Water energy nexus

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Information about Water energy nexus

Published on March 10, 2014

Author: texasnetwork

Source: slideshare.net


Presented by Mike Nasi of Jackson Walker L.L.P. at the Texas Water Conservation Association Conference in The Woodlands, Texas - March 2014

Water-Energy Nexus TEXAS WATER CONSERVATION ASSOCIATION The Woodlands, Texas March 6, 2014 Mike Nasi Jackson Walker L.L.P. mnasi@jw.com 512.236.2216

Presentation Outline • Water-Energy Nexus • Energy for Water • Water for Energy • Using the Nexus FOR Texas 2

Presentation Outline • Water-Energy Nexus • Energy for Water • Water for Energy • Using the Nexus FOR Texas 3

TEXAS NEEDS WATER TO MAKE ELECTRICITY (2-3% of Texas water consumption) TEXAS NEEDS ELECTRICITY TO PROVIDE WATER (~ 1-3% of Texas electricity consumption) Source: H2O4Tx & Freese & Nichols

Presentation Outline • Water-Energy Nexus • Energy for Water • Water for Energy • Using the Nexus FOR Texas 5

WATER SYSTEM ELECTRICITY NEEDS WATER SOURCE CONVEYANCE WATER TREATMENT DISTRIBUTION END USERS WASTEWATER COLLECTION WASTEWATER TREATMENT RECYCLED WATER TREATMENT WATER SOURCE EXTRACTION Based on model shown in Analysis of the Energy Intensity of Water Supplies for West Basin Municipal Water District, authored by Robert C. Wilkinson, Ph.D. Source: H2O4Tx & Freese & Nichols

Energy Penalty of Treatment •Conventional water treatment = 0.1-1.0 kwh/1000g •Desal of brackish groundwater = 2.5-7.0 kwh/1000g •Desal of seawater = 7.6-13.6 kwh /1000g

Presentation Outline • Water-Energy Nexus • Energy for Water • Water for Energy • Using the Nexus FOR Texas 8

Consumption v. Use • Key distinction between use and consumption. • Water “used” can be reused. • Water “consumed” is not available for another use. • Example: Water use includes a power plant withdrawing water from a supply, using it as cooling water in the plant’s operation, and then reintroducing it back into a water supply. Water “consumed” is the water that is evaporated in the process and not directly reintroduced into the water supply. 9

Condenser “Once-Through” Reservoir Cooling System Cooling Reservoir Recirculated Cooling Water As Needed Makeup Water Evaporation, Radiation, & Convection Cool Water Generator ELECTRICITY Turbine Process Steam Process Steam from Boiler Process Water to Boiler Warmed Water Condenser Cooled Water 10 Source: AEP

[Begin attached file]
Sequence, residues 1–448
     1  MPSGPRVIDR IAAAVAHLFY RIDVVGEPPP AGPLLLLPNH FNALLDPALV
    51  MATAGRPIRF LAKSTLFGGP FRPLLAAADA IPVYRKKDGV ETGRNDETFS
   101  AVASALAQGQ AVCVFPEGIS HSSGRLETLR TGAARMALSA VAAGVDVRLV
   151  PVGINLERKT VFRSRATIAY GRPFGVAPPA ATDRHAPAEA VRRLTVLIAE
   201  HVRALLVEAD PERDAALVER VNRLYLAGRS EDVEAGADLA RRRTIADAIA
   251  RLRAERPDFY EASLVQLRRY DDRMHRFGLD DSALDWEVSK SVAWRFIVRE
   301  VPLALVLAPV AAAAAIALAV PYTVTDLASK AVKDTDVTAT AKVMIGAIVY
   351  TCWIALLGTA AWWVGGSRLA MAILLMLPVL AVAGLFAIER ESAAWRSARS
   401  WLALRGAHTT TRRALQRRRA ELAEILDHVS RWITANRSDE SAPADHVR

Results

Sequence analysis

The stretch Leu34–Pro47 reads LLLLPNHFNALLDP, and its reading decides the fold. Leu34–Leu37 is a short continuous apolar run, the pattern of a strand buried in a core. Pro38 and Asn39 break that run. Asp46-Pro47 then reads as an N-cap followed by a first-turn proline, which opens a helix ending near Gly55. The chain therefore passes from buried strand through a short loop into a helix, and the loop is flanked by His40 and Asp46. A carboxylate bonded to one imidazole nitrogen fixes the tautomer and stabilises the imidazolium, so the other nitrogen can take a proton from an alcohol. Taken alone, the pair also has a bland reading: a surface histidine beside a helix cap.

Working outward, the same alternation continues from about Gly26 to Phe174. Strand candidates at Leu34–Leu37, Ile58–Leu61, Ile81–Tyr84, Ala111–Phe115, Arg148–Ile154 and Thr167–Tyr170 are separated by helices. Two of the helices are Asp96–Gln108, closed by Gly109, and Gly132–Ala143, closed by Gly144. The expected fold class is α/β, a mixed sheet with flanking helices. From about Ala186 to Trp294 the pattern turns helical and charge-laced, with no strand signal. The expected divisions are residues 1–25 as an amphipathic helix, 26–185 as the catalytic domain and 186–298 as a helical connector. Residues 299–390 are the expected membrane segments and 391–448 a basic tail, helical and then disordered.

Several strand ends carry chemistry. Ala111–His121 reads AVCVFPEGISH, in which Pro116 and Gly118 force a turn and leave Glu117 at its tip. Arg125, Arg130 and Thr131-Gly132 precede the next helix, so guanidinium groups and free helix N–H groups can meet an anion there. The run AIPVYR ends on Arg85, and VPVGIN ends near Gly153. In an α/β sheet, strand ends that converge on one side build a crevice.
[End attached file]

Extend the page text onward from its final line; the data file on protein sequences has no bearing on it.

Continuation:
Condenser Evaporative Cooling Tower System Turbine Process Steam Recirculated Cooling Water Generator As Needed Makeup Water Reuse in other Plant Processes Treatment Discharge Blowdown Evaporation Cools Water ELECTRICITY Process Water to Boiler Process Steam from Boiler Cooled Water Warmed Water 11 Source: AEP

Typical Dry Cooling System Turbine Fans Air-Cooled Condenser Convection Cools Steam Process Steam Process Steam from Boiler Process Water to Boiler Generator ELECTRICITY 12 Source: AEP

Presentation Outline • Water-Energy Nexus • Energy for Water • Water for Energy • Using the Nexus FOR Texas Not as spin to convince the government to pick winners & losers. 13

The Water-Energy Nexus Needs to be About Cooperation, not Spin BUILDING UPTEARING DOWN 14

Needless Attack # 1 TEARING DOWN Power plants consume “too much” water 15 REALITY Power plants are good stewards and consume relatively little of the State’s water resources BUILDING UP Texas Fleet Efficiency and Cooperation with Water Providers Ensures Drought Tolerance PERC. Acre-Feet Irrigation 60% 9,256,426 Steam Electric 3% 412,607 Mining/E&P 1% 228,542 Manufacturing 7% 1,095,789 Municipal 27% 4,158,203 Livestock 2% 308,098 TOTAL 100% 15,459,665